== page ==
Safe toys for your pet include nylon bones, ping-pong and golf balls, small cans, paper bags, cardboard mailing tubes, and very hard plastic toys. Most cloth toys are also suitable, but check carefully for the first week of introduction to make sure your pet is not chewing off any pieces.
CANINE DISTEMPER – THIS DISEASE IS NEARLY 100% FATAL IN THE FERRET! Please have your pet vaccinated to prevent distemper. Even if the pet never leaves the house, it is possible to bring the virus home on your shoes or your clothing. Youngsters should receive their last booster at 14 weeks of age. Thereafter, boosters should be given annually.
RABIES – There is an approved rabies vaccine for ferrets. We recommend the vaccine for all ferrets that will be in any high-risk situation where a potential bite may occur. The first vaccine should be given at three months of age with annual boosters thereafter.
VACCINE REACTIONS- Vaccine reactions are very common and can be quite severe in the ferret. For this reason we recommend pre-medicating with injectable anti-inflammatories at least 15 minutes prior to the vaccine injections. This is hoped to lessen the severity or prevent the vaccine reaction entirely. Despite these precautions, some reactions will occur and can vary from as little as lethargy to as severe as shock, bloody vomiting and diarrhea and even death. Due to this, it is recommended that you remain in the hospital for at least 30 minutes after a vaccine appointment. Prompt medical intervention can usually save the ferrets life and speed recovery. Alert your vet to any previous vaccine reactions in your pet.
STRONG BODY ODOR – The ferret produces oily skin secretions that have a very strong odor in the mature intact male and female. The odor is regulated by sex hormones, therefore, when your pet is neutered the odor is largely reduced. There is also an odor associated with the anal glands (or scent glands) of the ferret, but this is usually not a problem unless your ferret sprays as fear response. Most ferrets do not express their scent glands frequently, and when they do, the odor only lasts a few minutes. Unless there is a disease present, it is generally unnecessary to remove the scent glands.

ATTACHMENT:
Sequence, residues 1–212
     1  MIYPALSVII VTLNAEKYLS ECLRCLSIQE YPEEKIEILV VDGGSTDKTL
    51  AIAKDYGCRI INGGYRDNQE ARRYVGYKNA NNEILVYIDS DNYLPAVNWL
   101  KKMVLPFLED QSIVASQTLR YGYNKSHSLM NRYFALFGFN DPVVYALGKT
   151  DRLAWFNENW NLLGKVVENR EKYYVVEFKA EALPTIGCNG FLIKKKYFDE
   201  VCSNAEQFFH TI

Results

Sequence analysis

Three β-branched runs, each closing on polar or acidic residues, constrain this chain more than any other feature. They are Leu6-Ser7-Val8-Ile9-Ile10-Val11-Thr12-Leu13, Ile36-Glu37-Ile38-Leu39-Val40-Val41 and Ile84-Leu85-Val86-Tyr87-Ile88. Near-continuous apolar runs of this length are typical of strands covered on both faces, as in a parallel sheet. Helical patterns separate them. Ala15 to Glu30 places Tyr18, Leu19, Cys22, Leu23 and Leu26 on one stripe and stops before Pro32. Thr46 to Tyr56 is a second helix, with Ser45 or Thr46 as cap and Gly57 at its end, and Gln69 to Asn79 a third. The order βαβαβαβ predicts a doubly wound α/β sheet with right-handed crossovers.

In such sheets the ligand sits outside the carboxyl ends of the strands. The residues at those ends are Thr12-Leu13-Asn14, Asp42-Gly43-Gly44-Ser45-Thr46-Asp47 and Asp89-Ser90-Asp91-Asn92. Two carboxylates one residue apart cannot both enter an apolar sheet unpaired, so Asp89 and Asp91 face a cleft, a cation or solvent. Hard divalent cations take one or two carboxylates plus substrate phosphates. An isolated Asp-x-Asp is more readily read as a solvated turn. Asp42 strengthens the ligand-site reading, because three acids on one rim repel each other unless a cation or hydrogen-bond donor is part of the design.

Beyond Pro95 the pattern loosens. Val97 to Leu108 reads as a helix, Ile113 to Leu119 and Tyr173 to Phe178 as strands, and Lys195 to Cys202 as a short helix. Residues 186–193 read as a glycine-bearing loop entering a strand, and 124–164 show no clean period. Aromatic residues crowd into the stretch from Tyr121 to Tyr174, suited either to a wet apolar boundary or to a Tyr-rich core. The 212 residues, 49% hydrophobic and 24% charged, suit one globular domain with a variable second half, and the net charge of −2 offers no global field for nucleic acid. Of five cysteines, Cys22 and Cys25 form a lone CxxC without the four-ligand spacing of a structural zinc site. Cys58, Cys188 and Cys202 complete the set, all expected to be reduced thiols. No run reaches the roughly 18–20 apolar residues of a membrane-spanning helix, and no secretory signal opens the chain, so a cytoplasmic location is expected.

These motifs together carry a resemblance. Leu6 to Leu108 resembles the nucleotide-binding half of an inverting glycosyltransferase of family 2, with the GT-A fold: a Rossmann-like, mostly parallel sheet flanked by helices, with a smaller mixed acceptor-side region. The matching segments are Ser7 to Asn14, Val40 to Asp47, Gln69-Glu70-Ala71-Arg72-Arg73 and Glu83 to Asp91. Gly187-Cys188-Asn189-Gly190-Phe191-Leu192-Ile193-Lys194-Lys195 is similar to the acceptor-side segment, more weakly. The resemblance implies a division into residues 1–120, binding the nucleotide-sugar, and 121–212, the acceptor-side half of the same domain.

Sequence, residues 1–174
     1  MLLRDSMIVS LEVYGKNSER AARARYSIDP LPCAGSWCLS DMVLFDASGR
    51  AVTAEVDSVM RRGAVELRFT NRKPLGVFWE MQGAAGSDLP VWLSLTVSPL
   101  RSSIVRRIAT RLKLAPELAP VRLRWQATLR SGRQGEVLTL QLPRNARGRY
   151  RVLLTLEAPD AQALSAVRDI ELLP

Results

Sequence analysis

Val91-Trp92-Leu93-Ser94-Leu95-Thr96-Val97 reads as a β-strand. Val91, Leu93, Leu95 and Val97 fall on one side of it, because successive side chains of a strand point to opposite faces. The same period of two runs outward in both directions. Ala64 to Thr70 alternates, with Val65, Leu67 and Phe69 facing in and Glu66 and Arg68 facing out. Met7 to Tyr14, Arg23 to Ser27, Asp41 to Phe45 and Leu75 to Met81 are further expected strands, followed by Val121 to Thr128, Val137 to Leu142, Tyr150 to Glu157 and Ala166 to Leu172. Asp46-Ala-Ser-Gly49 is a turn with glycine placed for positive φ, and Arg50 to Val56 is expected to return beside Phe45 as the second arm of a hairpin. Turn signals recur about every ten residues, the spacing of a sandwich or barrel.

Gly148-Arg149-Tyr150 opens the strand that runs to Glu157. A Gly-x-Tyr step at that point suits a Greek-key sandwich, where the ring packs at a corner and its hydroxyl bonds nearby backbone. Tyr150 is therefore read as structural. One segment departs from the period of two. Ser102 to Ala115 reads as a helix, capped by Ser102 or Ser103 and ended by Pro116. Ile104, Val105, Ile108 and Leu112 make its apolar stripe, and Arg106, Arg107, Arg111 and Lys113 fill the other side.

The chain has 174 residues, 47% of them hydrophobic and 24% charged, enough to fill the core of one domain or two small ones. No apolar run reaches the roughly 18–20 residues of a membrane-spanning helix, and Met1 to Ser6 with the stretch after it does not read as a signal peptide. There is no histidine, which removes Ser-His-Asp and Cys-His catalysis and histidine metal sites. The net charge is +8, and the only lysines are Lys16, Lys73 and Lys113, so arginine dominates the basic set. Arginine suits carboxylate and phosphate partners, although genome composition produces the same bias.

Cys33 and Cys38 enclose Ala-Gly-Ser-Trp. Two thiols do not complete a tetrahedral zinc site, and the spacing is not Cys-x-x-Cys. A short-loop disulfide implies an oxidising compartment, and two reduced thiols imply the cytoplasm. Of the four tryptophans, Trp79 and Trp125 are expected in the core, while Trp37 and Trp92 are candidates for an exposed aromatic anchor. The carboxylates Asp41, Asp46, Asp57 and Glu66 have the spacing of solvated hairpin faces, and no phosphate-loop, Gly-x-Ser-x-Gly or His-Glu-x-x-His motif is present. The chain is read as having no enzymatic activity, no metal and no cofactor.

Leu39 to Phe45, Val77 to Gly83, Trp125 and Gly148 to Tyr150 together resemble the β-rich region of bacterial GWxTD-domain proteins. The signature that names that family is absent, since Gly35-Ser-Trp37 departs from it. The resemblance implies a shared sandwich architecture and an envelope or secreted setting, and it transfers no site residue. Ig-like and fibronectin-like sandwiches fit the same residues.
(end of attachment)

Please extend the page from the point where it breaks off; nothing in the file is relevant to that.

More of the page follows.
BATHING should be done with a gentle pet shampoo. Ferrets do not need frequent baths; every two weeks is the most that is suggested in order to maintain a healthy fur coat. Bathing strips the skin of its essential oils and can lead to a dry itchy condition if performed too often.
FATAL ANEMIA OF FEMALES – When the female ferret goes into her heat cycle, she will remain in that cycle until she is bred by a male. During this heat period the levels of the female hormone, estrogen, are very high which can have a damaging effect on the bone marrow. The hormone causes the bone marrow to gradually stop producing white and red blood cells. The condition comes on very gradually and by the time the external signs of anemia are seen, the changes in the bone marrow are irreversible. If this is the case, the ferret will likely die despite therapy.
The condition is totally prevented by having your pet spayed. The operation should be performed by the time the pet is six months of age. If your pet comes into heat prior to this time, she can still be safely operated on.
If you wish to breed your pet, but do not wish to do it during a particular heat cycle, a hormone injection can be given to take her out of heat temporarily. Due to adverse side effects, these injections should not be used in place of spaying if you have no intention of breeding you pet.
FLEAS –Do not use flea collars on ferrets. Remember it is ideal to treat the house and yard with an insect growth regulator (IGR), as fleas spend most of their life cycle off of your pet laying eggs all over the environment. Ask your veterinarian about the use of newer products such as Advantage, Revolution, and Frontline. These products are safer and more effective than over-the-counter products.